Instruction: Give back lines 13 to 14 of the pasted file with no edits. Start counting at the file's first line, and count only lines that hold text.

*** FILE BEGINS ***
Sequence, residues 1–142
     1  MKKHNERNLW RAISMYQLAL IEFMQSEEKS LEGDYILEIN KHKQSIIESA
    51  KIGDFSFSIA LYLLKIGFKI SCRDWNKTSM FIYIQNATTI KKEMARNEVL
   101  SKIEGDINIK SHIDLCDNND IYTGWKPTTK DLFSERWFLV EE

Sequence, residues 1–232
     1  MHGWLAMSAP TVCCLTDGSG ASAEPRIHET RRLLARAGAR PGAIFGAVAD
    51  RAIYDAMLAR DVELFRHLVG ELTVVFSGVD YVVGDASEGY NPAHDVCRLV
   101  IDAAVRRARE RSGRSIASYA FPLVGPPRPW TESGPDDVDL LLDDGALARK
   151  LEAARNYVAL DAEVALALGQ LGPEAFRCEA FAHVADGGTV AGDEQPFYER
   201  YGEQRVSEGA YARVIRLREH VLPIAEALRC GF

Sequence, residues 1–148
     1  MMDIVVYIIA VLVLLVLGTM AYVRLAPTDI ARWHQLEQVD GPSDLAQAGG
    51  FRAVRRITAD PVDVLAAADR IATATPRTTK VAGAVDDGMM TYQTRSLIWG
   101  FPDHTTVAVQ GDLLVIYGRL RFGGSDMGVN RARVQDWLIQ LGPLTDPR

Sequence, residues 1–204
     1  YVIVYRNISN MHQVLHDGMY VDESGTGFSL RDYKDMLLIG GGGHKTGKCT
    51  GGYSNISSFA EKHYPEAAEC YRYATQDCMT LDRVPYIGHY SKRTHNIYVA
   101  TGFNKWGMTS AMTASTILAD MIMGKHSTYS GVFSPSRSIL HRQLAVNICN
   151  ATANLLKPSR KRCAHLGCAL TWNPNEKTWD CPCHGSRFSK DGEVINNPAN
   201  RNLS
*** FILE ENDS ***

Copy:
    51  FRAVRRITAD PVDVLAAADR IATATPRTTK VAGAVDDGMM TYQTRSLIWG
   101  FPDHTTVAVQ GDLLVIYGRL RFGGSDMGVN RARVQDWLIQ LGPLTDPR